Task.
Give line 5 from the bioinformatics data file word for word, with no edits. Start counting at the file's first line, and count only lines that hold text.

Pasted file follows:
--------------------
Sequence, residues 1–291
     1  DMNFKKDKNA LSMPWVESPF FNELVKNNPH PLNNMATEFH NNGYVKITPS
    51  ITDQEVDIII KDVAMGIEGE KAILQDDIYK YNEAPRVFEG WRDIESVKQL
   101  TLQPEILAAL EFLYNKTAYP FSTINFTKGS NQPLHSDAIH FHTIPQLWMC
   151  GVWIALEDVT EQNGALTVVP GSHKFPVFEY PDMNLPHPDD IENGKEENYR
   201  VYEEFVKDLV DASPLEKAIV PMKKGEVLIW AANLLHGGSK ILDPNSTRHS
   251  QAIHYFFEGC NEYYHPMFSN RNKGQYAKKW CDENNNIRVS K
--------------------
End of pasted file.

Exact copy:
   151  GVWIALEDVT EQNGALTVVP GSHKFPVFEY PDMNLPHPDD IENGKEENYR